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Keeping spots chill

Discussion in 'Metal Heads' started by cracked ass, Nov 29, 2000.

  1. cracked ass

    cracked ass Guest

    Keeping spots chill

    Discussion started by cracked ass - Nov 29, 2000

    This issue obviously doesn't get addressed often enough, because I keep hearing about dumb shit going down and spots getting blown. All the veteran heads can skip this thread, except to add any minor points to think about or incidents where violation of these concepts brought heat to them personally. Anyone fairly new to trains should listen up. I'm going to talk at length about a bunch of related points.
    THE MAIN ISSUE.
    The main issue here is longevity of chill spots to paint freights. Any sane writer who is not a malicious shithead must agree that keeping a chill spot to piece freights is a good thing. The primary thing that blows spots is letting people (rail workers, cops, joe hero who walks his dog near the tracks and hates "taggers") know that painting gets done at that spot.
    WITNESSES.
    SOME rail workers hate graff and will report a spot getting hit to superiors/railcops/regular police. SOME passerby civilians hate graff and will call the cops about it if they see it being done. ALL cops are obviously down to nail writers. So: a significant percentage of people who see freights being painted, or can tell from evidence that they were painted right there, will take action. Maybe it's only ten or twenty percent, but so what? Why take the chance? This means 1) strive to be seen by zero people and 2) leave NO evidence around the train you just painted to clue people in that it was painted THERE instead of rolling in from someplace else. (This seems pretty basic, but there are plenty of people on this board who don't grasp it yet.)
    DON'T GET SEEN.
    Again, pretty obvious right? Not to some. To avoid being seen, paint only in a spot screened from most directions by trees, buildings, etc. Do not paint standing on a live track, because another train or one of those quiet, fast utility trucks on train wheels could roll on you. Remember, EVEN IF YOU CAN GET AWAY SUCCESSFULLY, IF YOU GOT SPOTTED PAINTING, YOU ATTRACTED ATTENTION AND HEAT TO THE SPOT. That fucks it up for you, which is only as bad as you think it is, but if other people paint that spot, you have fucked it up for them too, and they will be pissed off, cross you out, beat your head in, etc.
    HISTORY/SENIORITY
    If you're new to trains, the thing you need to understand is that if you find a spot to paint them, it may already be a regular spot for other heads in your area. They don't want their spot blown. They will not even like you painting there at all, because you have yet to prove you're smart enough not to fuck up the spot with dumb behavior. Also, they may have set their own limits on how many cars they'll hit per line that gets parked there, because hitting several trains in a row is a big clue to workers that painting occurs right there. When you piece there, you are possibly fucking with their rhythm.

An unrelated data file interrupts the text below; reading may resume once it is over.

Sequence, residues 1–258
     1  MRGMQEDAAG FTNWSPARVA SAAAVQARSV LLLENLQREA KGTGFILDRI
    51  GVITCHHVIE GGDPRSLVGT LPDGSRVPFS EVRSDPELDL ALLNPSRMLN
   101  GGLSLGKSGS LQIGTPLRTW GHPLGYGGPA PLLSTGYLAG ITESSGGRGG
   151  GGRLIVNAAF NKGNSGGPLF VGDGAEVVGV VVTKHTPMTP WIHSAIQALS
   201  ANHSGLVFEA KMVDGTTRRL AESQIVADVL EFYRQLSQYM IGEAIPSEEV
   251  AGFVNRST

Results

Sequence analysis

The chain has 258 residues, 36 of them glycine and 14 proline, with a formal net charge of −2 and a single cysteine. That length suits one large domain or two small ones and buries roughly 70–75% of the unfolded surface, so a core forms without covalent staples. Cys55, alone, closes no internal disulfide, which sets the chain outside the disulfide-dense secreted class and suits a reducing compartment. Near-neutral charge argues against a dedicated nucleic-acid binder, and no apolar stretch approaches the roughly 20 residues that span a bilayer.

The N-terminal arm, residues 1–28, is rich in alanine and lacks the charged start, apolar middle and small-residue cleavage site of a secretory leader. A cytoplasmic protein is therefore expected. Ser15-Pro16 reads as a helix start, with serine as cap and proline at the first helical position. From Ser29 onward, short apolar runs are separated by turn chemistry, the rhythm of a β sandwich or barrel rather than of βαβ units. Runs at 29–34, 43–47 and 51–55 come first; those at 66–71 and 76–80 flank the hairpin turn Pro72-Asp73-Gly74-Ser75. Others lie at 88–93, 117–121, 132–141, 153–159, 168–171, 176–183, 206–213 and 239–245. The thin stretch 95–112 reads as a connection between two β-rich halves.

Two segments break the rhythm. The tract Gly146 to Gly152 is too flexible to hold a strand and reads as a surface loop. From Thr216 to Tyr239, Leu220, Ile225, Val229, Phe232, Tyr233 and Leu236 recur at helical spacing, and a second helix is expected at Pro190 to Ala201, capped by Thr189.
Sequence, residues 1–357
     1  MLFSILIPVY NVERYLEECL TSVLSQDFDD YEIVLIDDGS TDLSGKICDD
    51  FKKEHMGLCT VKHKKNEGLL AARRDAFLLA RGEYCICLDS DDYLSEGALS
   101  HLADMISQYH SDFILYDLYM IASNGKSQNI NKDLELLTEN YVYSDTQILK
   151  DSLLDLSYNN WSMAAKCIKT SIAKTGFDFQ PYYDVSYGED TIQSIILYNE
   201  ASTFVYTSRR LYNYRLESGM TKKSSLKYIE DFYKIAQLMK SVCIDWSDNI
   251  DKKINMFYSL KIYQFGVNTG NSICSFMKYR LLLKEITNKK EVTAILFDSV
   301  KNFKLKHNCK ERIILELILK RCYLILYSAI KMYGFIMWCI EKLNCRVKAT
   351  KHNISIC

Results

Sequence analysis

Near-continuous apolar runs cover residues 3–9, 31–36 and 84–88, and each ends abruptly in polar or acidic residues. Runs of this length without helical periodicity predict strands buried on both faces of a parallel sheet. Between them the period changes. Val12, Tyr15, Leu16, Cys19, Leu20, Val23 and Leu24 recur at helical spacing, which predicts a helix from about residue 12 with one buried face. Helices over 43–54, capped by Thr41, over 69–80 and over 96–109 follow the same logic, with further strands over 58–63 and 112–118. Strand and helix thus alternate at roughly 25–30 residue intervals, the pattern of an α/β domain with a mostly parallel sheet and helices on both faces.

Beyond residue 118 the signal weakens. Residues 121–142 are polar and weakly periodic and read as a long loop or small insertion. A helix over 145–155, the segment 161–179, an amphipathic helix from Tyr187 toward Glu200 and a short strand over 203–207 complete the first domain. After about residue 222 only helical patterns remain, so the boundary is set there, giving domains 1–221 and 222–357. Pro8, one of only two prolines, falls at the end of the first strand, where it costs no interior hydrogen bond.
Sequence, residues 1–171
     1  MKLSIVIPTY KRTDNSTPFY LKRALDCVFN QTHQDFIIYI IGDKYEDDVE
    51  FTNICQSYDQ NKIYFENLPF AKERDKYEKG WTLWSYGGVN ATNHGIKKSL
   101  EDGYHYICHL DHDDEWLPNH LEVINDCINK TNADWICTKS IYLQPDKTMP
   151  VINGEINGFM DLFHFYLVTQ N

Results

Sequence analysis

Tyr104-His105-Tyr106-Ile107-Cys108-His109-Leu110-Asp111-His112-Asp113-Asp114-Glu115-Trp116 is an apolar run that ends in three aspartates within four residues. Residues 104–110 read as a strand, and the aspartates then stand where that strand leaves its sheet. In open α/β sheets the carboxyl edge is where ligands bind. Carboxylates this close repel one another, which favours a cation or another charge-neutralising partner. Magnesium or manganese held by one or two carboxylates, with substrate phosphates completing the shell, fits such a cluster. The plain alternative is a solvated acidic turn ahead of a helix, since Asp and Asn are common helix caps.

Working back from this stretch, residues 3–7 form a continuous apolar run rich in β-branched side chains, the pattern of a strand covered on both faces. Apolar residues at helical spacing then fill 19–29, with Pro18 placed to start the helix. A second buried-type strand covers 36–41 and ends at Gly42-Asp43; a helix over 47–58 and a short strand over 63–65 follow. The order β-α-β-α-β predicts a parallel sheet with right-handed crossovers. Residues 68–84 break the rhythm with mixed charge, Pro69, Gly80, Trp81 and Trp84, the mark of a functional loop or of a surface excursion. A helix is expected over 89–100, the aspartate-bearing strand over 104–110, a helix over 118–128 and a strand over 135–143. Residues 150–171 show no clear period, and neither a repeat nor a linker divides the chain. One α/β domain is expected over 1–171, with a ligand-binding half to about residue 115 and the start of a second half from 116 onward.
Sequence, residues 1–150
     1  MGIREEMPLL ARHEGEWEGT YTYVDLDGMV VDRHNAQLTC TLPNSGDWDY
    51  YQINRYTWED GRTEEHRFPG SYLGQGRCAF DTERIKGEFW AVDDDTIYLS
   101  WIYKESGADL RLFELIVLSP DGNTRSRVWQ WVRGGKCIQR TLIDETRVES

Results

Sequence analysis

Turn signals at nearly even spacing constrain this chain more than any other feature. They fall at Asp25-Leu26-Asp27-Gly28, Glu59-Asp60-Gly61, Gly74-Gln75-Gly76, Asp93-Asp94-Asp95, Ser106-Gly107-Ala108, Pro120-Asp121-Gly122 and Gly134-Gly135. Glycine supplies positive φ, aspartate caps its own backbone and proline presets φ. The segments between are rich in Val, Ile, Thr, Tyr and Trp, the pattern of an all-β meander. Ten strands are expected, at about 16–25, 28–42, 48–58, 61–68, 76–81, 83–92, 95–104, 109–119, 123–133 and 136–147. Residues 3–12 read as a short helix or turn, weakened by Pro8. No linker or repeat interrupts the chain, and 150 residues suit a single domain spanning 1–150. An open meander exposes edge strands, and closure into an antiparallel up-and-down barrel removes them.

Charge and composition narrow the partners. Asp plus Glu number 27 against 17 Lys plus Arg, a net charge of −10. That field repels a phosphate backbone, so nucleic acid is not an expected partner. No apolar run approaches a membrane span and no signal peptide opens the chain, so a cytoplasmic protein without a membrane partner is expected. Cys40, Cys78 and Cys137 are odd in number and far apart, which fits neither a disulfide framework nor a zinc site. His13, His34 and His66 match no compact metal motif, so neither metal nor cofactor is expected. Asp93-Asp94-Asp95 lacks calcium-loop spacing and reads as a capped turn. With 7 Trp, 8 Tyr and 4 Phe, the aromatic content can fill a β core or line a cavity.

This is not to say, don't hit any freight spot without permission. But do 2 things: one, observe the "chillness" advice I'm dropping here; and two, if senior heads confront you about painting their spot, respect what they have to say, whether it's "find another spot" or "don't paint the track side" or "don't hit more than 2 cars per line". If you don't respect the heads who have been hitting that spot before you, then welcome to beef.
    THE DON'TS.
    DON'T paint several cars in a row, or tag or bomb whole lines. Workers know that trains are always getting broken up and rearranged, and the exact same artwork on many cars in a row gives away that it was done right there.
    DON'T leave empty cans at the spot, or get lazy about tossing them just a few feet out of sight. They will be seen by workers and noted. Dead giveaway.
    DON'T test out your paint on the rocks, wall, ground, or rails right by the train. Another dead giveaway that painting happens right there. (I test my caps/cans on some unrelated part of the SAME car I am painting: the wheels or suspension, a pipe that hangs down, whatever.)
    DON'T tag or bomb the walls, buildings, electrical boxes, trees or anything else near the yard, tracks, layup or wherever, unless the area is already crushed anyway. Another dead giveaway.
    DON'T leave any other evidence besides the piece you just painted. Take your dirty glove away with you, throw it away somewhere else. If a can gushed or dripped on the rocks by the track, toss those rocks away, bury them, scatter em around, whatever.
    DON'T paint over the numbers on freights - weight limits, reporting marks, hazmat info, or the little black box which is usually near the right end of the car as viewed from the side. This doesn't necessarily give a clue as to where the car was painted, but makes workers more interested in busting someone's ass. It also forces the railroad company to take the car out of service long enough to get those numbers restamped back on there, they are required by law to have that info displayed, and if the costs of repainting numbers add up enough they'll hire more railroad security and put heat on everyone.
    RECON.
    One thing you should do after finding a spot, but before painting it, is go down there with no paint on you, scope out the whole area: trees, paths, fences, escape routes, and not just the physical layout but stay awhile and/or check in several times a week to find out when it gets switched, what time local businesses close for the night, when trains go by, stuff like that that clues you in to a good time/way to hit it up.
    CONCLUSION.
    The goal is to not let anyone know that trains get painted at a certain spot. You want workers to think that any pieces on that line rolled in from somewhere else. And even if you do everything right, and they smell the fresh paint of the pieces, you might be okay anyway because, since you stayed off the numbers, didn't leave cans for them to trip over, etc. they won't care enough to report it.